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1 item from 2000


Film Review: 'Rugrats in Paris'

13 November 2000 | The Hollywood Reporter | See recent The Hollywood Reporter news »

The bodily functions flow liberally in "Rugrats in Paris: The Movie", the lively animated feature follow-up to the popular Nickelodeon residents' hit 1998 big-screen outing.

Faster-paced and noisier than its predecessor, the revved-up sequel's obsession with potty humor will likely have some parents exclaiming "mon Dieu" or, at least, "mon doo-doo." But despite the film's rather frenetic efforts to address pint-sized attention spans, there's plenty to amuse kids and their long-suffering caregivers.

Armed with those trademark satirical and tenderhearted moments, not to mention the Baha Men's ridiculously catchy "Who Let the Dogs Out" on the soundtrack, those irresistible Rugrats should do some gross stuff at the boxoffice before cleaning up on video.

After a funny "Godfather" parody, the new adventure begins when one of Stu Pickles' (voiced by Jack Riley) mechanical Reptar inventions goes seriously on the fritz, and he and the rest of the Rugrats roster is dispatched to Paris, home of the dazzling EuroReptarland amusement park.

It doesn't take long for plotting Angelica (Cheryl Chase) to meet her match with the attraction's kid-hating manager, the Cruella De Vil-lainous Coco La Bouche (Susan Sarandon), who's angling for a major promotion but needs to first set herself up as a loving family person.

She quickly sets her sights on widowed Charles Finster (Michael Bell), whose perpetually congested son Chuckie (Christine Cavanaugh, a k a the voice of Babe the pig) has been pining for a new Mom.

Ultimately, the good guys see through her little scheme -- but not before Angelica, Chuckie, Tommy, Phil, Lil, Baby Dil and company manage to effectively trash the City of Lights.

Once again, the character work is strong, and the celebrity recruits are fun, including Sarandon, being uncharacteristically nasty; John Lithgow as her pretentious personal assistant, Jean-Claude; and, in cameo turns, Debbie Reynolds as Grandpa Lou's new love interest, Tim Curry as a sumo karaoke singer and Casey Kasem as -- surprise -- a DJ.

And while it seems they could have toned it all down a few notches without fear of losing their audience, co-directors Stig Bergqvist and Paul Demeyer -- working from a script credited to J. David Stem and David N. Weiss (both of whom penned "The Rugrats Movie") along with series writers Jill Gorey, Barbara Herndon and Kate Boutilier -- do a good job of keeping things moving, physically and emotionally.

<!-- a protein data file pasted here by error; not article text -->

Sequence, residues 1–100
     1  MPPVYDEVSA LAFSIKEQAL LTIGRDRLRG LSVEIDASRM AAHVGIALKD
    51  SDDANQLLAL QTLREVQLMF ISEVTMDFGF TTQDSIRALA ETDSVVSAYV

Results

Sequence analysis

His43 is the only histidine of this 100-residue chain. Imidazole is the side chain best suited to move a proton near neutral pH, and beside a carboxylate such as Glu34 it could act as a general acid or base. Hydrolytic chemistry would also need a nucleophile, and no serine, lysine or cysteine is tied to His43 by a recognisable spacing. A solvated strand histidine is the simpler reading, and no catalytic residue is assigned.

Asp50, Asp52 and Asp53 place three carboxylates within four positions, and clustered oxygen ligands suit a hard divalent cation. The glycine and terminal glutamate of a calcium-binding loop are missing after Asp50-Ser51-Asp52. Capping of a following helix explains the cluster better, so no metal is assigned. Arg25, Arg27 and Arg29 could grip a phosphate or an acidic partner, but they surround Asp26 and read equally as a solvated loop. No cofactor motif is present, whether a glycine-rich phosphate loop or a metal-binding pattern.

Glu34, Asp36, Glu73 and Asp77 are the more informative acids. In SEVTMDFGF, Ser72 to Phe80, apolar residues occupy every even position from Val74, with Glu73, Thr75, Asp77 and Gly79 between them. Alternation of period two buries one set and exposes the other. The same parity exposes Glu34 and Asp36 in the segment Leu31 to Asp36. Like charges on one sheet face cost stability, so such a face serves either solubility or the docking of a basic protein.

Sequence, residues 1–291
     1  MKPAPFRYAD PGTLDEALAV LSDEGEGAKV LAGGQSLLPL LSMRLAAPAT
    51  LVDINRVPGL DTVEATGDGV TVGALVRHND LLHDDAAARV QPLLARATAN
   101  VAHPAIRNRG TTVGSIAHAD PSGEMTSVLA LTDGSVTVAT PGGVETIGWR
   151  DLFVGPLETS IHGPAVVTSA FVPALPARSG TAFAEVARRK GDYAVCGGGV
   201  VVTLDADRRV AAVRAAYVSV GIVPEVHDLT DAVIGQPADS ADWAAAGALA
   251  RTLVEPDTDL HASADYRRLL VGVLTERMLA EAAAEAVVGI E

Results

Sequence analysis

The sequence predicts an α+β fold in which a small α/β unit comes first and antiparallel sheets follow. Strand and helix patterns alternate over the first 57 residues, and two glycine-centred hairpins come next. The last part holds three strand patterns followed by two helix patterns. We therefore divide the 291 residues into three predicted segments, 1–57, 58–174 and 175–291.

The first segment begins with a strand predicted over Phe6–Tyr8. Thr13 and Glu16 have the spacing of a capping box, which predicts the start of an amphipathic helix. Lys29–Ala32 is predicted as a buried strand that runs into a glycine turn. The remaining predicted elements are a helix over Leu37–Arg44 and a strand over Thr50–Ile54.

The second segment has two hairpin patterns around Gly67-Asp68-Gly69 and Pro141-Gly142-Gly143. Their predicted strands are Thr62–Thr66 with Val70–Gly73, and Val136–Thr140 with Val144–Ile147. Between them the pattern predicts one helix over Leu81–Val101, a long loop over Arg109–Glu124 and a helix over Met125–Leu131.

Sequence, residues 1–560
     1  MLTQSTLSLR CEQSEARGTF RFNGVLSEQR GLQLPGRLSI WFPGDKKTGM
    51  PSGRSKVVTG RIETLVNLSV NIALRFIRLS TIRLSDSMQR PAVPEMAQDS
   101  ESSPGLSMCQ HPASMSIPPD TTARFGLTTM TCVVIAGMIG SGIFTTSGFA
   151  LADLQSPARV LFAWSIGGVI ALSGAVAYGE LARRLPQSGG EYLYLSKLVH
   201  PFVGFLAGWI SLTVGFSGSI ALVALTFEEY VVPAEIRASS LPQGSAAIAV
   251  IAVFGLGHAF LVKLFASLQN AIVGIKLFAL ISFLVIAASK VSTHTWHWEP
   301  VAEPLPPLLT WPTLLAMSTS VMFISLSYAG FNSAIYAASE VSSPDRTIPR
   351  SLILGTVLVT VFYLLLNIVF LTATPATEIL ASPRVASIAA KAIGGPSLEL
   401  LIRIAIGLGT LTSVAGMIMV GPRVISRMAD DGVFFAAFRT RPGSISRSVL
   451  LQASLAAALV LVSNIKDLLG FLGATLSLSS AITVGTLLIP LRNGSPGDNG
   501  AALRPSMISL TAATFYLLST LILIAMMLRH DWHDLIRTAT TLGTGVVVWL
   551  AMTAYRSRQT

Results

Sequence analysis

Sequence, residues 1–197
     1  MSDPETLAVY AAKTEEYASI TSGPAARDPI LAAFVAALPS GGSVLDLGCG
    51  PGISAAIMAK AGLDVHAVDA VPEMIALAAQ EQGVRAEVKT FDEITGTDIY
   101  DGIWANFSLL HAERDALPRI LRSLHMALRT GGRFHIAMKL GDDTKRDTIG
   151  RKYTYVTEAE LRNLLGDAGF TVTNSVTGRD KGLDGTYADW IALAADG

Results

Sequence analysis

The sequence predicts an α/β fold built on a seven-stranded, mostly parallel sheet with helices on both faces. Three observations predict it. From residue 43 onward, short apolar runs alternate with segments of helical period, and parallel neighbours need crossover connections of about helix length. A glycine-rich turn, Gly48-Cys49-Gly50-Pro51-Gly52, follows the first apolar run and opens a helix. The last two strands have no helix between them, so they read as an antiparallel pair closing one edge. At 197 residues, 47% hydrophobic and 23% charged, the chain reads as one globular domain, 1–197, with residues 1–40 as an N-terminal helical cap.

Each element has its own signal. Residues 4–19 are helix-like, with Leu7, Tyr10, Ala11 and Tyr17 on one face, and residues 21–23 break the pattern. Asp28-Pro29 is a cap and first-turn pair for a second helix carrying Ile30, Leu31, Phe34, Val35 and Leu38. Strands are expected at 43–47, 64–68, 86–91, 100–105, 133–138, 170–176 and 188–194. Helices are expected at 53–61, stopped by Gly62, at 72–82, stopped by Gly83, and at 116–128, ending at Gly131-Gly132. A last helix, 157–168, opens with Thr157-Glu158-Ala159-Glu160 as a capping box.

Technically speaking, the animation, while definitely not state-of-the-art, is richer than that found on the TV version. The computer-generated images have been retouched by hand to give the characters more warmth.

In addition to those infectious "Dogs", the inspired Maverick soundtrack surrounds the bouncy Mark Mothersbaugh score with similarly energetic tracks by the likes of Big Bad Voodoo Daddy, Isaac Hayes and TLC's "T-Boz" Watkins as well as quieter things by Cyndi Lauper and Sinead O'Connor.

RUGRATS IN PARIS: THE MOVIE

Paramount

Paramount Pictures and Nickelodeon Movies

present a Klasky/Csupo production

Directors: Stig Bergqvist, Paul Demeyer

Producers: Arlene Klasky, Gabor Csupo

Screenwriters: J. David Stern & David N. Weiss, Jill Gorey & Barbara Herndon, Kate Boutilier

Executive producers: Albie Hecht, Julia Pistor, Eryk Casemiro, Hal Waite

Production designer: Dima Malantichev

Editor: John Bryant

Music: Mark Mothersbaugh

Music supervisor: George Acogny

Color/stereo

Voices:

Coco La Bouche: Susan Sarandon

Jean-Claude: John Lithgow

Tommy Pickles: E.G. Daily

Chuckie Finster: Christine Cavanaugh

Phil and Lil Deville: Kath Soucie

Angelica Pickles: Cheryl Chase

Stu Pickles: Jack Riley

Chas Finster: Michael Bell

Kira Watanabe: Julia Kato

Kimi: Dionne Quan

Running time - 86 minutes

MPAA rating: G

»

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1 item from 2000


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